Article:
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Out of the Blue
In January, I noticed an ad for a short story contest, the day before it was to begin. On a whim, I entered, even though short stories aren’t my thing. I was assigned a genre (mystery), subject (decoding a message) and character (a beggar) and given eight days to write a 2,500-word story. Naturally, I sat down and wrote it three hours before deadline. I found out the results this week (honorable mention) and received some nice feedback. Here’s the story, titled “The Lost Football,” partially shortened for space. I’m still doing research on answering the question I posed last week: “Are all women crazy?” Stay tuned.
The evening mists drifted in lazily, settling into the hollows of the muskeg, filtering the last rays of the dying October sunset.
“…and the crowd goes crazy. That’s six touchdowns today for the Minnesota Marksman. He can’t be stopped.”
The boy pushed up his wire-framed glasses – the battle was constant to keep them on the bridge of his narrow nose – squinting at the prone milk jug that was his target, the crowd still cheering wildly in his head. He barely felt the dampness of the brisk autumn air nor did he notice the growing layer of frost on the ground that numbed his soaked feet, pinched in the second-hand soccer cleats he had found for a quarter at a garage sale.
Running his hand through his lank blonde hair, he scanned the trees and piles of moss for his beloved football, the last gift his father had given him before he left – again. They were sending him to Af-Ghan-Is-Tan this time, to keep the peace, he said. That was two years ago.
One year ago, he was handed a folded-up flag as he stared stoically at the coffin that held the body of his real hero. He had lots of other heroes, the guys who flung around the pigskin on Saturdays and Sundays as he sat crosslegged, transfixed in front of the tiny 21-inch screen, warding off the incessant distractions of his little sister and her dolls.
He hadn’t cried that day. He had never let anyone see him cry, not even his mom. But many mornings he woke up to hot, bitter tears as he lay in his quiet bed, begging God to bring his daddy back to life.
One crept into the corner of his eye right now, and he quickly wiped it away with his sleeve. He was next the milk jug now, which he propped back up on the log. Still no sight of the football, and the trees which served as his cheering audience were silent.
“Where could it have gone?” he thought as he picked his way through the brush behind the log. The sun had slipped below the unseen horizon and the gloom deepened.
His heart nearly stopped. From behind a sparse jackpine, a wraith appeared in the fog, holding his football.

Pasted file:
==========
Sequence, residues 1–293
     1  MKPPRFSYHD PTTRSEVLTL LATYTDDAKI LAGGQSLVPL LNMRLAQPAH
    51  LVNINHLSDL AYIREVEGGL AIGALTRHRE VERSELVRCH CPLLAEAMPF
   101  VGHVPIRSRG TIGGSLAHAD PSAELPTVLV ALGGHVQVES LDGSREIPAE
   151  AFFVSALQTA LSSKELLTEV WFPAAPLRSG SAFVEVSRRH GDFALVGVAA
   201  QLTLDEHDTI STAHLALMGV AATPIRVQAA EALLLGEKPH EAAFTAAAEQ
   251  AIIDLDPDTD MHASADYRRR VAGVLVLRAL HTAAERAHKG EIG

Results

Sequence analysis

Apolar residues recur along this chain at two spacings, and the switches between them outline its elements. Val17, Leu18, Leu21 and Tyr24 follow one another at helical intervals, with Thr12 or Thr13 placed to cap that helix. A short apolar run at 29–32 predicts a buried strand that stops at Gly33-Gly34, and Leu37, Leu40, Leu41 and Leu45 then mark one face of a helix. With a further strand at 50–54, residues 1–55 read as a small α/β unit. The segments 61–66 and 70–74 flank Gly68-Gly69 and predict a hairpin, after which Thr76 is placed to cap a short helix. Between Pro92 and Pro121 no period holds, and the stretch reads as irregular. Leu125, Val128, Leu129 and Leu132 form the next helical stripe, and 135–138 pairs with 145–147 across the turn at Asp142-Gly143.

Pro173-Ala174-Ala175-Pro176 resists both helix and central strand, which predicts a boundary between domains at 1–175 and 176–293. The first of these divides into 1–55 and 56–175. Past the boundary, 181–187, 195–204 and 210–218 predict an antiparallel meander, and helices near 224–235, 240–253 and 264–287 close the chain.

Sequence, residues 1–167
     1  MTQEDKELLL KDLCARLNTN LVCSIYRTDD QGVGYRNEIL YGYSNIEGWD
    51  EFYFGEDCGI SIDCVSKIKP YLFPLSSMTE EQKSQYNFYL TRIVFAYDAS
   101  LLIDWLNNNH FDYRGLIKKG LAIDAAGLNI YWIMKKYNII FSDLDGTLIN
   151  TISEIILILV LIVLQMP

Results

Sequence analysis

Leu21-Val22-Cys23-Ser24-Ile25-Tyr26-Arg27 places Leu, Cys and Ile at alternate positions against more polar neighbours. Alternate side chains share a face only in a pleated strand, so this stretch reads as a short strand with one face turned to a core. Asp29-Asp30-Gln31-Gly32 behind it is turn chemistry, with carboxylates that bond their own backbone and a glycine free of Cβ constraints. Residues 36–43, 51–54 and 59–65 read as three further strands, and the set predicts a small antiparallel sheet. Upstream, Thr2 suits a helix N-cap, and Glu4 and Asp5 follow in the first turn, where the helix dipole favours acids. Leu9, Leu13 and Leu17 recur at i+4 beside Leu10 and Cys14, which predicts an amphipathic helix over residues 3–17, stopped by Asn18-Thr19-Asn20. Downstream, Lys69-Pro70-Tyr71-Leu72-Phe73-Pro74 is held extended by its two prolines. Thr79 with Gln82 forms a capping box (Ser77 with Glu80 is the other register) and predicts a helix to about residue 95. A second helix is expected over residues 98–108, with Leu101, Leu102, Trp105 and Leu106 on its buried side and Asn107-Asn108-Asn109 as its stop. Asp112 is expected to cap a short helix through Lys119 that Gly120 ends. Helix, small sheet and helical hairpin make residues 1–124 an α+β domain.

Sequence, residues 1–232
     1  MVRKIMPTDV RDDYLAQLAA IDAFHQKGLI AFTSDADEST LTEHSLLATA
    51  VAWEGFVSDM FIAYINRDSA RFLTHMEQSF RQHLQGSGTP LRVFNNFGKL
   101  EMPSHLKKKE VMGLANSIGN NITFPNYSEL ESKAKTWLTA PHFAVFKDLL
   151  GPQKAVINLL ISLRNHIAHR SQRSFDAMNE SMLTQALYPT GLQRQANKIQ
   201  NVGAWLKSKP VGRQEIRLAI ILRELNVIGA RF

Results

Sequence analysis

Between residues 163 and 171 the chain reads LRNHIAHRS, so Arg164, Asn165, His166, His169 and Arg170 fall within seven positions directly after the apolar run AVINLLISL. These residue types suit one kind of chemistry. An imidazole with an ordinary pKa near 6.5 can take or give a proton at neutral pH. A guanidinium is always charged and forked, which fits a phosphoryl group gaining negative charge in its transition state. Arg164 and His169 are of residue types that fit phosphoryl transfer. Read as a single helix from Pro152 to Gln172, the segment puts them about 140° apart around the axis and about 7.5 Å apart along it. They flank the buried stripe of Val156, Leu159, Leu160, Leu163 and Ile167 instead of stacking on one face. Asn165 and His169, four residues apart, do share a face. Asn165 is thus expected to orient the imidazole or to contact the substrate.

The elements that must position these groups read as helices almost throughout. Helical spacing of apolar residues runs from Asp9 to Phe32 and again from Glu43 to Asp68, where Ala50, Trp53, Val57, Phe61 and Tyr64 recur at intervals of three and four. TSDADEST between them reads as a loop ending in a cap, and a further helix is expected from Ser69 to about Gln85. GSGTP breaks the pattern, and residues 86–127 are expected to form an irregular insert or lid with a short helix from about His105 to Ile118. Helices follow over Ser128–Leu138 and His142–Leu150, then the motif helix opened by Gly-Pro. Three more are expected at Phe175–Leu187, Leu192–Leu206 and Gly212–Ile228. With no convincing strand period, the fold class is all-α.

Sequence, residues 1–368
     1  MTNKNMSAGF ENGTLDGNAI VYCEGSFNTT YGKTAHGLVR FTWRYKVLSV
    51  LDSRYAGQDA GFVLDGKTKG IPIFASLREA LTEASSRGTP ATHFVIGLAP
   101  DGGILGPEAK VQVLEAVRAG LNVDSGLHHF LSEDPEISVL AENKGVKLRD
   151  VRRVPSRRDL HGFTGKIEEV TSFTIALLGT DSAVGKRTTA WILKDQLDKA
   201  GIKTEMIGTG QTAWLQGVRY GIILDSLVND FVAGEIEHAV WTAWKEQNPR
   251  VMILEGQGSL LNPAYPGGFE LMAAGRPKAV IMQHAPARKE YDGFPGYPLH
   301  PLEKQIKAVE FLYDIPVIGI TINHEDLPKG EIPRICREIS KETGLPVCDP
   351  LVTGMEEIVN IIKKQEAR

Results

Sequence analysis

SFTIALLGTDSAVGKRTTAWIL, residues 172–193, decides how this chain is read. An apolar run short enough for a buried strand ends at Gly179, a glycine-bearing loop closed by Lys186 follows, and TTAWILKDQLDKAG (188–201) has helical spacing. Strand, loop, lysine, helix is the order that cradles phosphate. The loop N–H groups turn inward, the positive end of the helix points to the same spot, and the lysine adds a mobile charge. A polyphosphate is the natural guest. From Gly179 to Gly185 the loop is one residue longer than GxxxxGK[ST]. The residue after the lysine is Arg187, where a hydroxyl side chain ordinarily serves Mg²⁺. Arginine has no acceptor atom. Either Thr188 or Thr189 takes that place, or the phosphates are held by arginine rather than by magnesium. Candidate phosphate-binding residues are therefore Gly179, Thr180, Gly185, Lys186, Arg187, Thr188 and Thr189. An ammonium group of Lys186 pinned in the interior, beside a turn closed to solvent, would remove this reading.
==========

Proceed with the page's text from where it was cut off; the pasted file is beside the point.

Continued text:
In the distance, he could hear his mom’s voice plaintively summoning him home for supper. The figure took another step toward him, a hacking guttural cough the only sound, extending the ball toward him.
The boy ran.
Four days later, the nightmares stopped, and he finally found the courage to return to his refuge, his little clearing in the midst of the swamp a quarter-mile behind their tiny house.
He found safety in his books for those days, ignoring the taunts of “four-eyes” and “where’s your baby football” and other crueler epithets from the bullies at school. He read – for probably the tenth time – a biography of the fearless Daniel Boone and his exploits in the wilderness. He read a book called “Lost Legends of the Gridiron,” which profiled would-be stars that never were after lighting up high school scoreboards.
It was a brilliant, crisp fall afternoon, the sun the only object in a pale blue sky as the boy picked his way down the narrow trail he had hacked with his machete earlier that summer. He reached the clearing in five minutes, but stayed out of sight for another five as he surveyed it. Only the chirps of birds and chattering of squirrels could be heard. A hawk circled high overhead before diving down below the tree line carrying swift, sharp death to a four-legged creature below.
The boy had decided that he had not encountered a ghost – he didn’t believe in such things – nor was it an animal. Animals don’t have opposable thumbs to hold a football, and they don’t walk upright. Could it be Bigfoot? He reasoned that any pictures he’d seen in books about Bigfoot did not show the creature wearing clothes.
Despite his panic, his memory recalled that the figure had worn a ragged long coat with a hood that along with the wild, matted brown hair nearly obscured its face. And those eyes, that’s what gave him the nightmares. Those dull gray eyes with no light behind them. He shivered involuntarily, not from the chill in the air.